This series by Gael Linn was a significant milestone in Irish filmmaking, and moreso Irish language filmmaking, as it was the first regular indigenous cinema newsreel since the ‘Irish Events’ series of the 1920s. Prior to Amharc Eireann, there had never been an Irish-language documentary or news-film series of any kind made or shown in Irish cinemas. Irish cinema audiences were shown only foreign productions on screen. Even the newsreels that preceded the main features were limited to those distributed by the British company, Rank Film Distributors. Rank began to include the Amharc Eireann films, for no fee, whereas the Irish film distributors contacted all required a fee – Gael Linn had a restricted budget and so went with the British distributor. By 1959, television had come to Britain and, shortly after, Rank withdrew its newsreels from Irish cinemas, which resulted in more Irish cinema screentime for Gael Linn. In 1959, the home-grown newsreel was produced weekly and expanded to include four separate news stories. The series continued until 1964 when television as a means of relaying news to the Irish population rendered the newsreel obsolete.

Copyright Radharc Trust 2010

‘The New Matchmakers’ (Radharc)

This documentary from the Catholic priest-led ‘Radharc’ production company, is a trove of hilarious moments that would fuel another season of Father Ted scripts. Although made relatively recently (1960s), the changes in Irish culture have been so vast, that it seems to be from another era. The focus of this documentary was ‘The Cupid of the West’- a matchmaking priest who set out to educate the young men of rural Ireland in the means of finding a wife. He tackled the issue in a direct manner, organising classes on ‘how to shave’ and ‘how to go on a date’, taught by a lady to a classroom of young  farming men. He also conducted hands-on, practical tutorials, in which he demonstrated correct dancing techniques to equip the young people to find a match at the local dances. These scenes caused peals of laughter from the audience in Town Hall Theatre, as well as awkward giggles from the young subjects on screen.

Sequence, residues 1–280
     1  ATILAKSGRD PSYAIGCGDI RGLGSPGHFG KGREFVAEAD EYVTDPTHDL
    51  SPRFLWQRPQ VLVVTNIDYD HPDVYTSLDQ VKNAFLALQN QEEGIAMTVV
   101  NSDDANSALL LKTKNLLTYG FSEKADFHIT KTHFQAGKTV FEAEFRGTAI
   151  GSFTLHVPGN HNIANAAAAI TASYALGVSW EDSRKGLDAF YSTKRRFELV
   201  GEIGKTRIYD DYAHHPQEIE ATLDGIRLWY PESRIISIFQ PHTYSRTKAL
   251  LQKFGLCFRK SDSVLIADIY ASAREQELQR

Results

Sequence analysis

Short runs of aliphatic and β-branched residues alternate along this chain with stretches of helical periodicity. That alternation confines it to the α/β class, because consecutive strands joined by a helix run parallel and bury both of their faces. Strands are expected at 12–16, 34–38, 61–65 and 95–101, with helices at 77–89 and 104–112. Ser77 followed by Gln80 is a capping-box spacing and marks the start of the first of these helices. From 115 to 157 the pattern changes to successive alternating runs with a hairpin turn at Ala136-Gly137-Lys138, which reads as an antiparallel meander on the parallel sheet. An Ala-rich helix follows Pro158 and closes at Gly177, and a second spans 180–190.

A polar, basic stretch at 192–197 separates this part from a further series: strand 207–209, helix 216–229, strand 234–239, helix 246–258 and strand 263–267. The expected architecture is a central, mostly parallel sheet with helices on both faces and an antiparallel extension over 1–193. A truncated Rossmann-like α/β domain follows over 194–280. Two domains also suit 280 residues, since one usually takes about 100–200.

This concept in itself is hilarious to the current viewer, but was based in a genuine concern about the economic effects of depopulation of the rural west of Ireland, specifically the depopulation of young women. The film addressed this topic in a segment titled: “Where are all the young girls gone?”, in which we see happy, carefree, independent women working in Dublin – most reluctant to return to the country life they left behind. Meanwhile, in the west of Ireland, we are introduced to ‘poor Jimmy’, who lives alone and is too lazy to cook for himself (he farms potatoes but doesn’t have the wherewithal to cook them, so subsists on ‘smash’), with no woman to rescue him from his own incompetence.

Founded in 1959, Radharc is considered one of Ireland’s most important independent documentary production companies. The team made over 400 documentaries which were screened on RTÉ, Ireland’s national broadcaster, between 1961 and 1996. The Radharc cameras shone a light onto a changing Ireland and recorded values, rural and urban traditions that no longer exist. Unfortunately ‘The New Matchmakers’ is not available to view on the IFI player, but other Radharc programmes are

Further archive films can be watched on the IFI player, for free, here

Be warned, you may lose hours here!

 

‘IFI Local Films for Local People: Yet More Glimpses of Galway’ screened on Wednesday, 12th July 2017, as part of the 29th Galway Film Fleadh (11 – 16 July).

 

 

 

 

 

 

 

 

 

 

 

 

 

 

 

 

 

 

 

 

 

 

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Category: Exclusives, Featured, Festivals, Reviews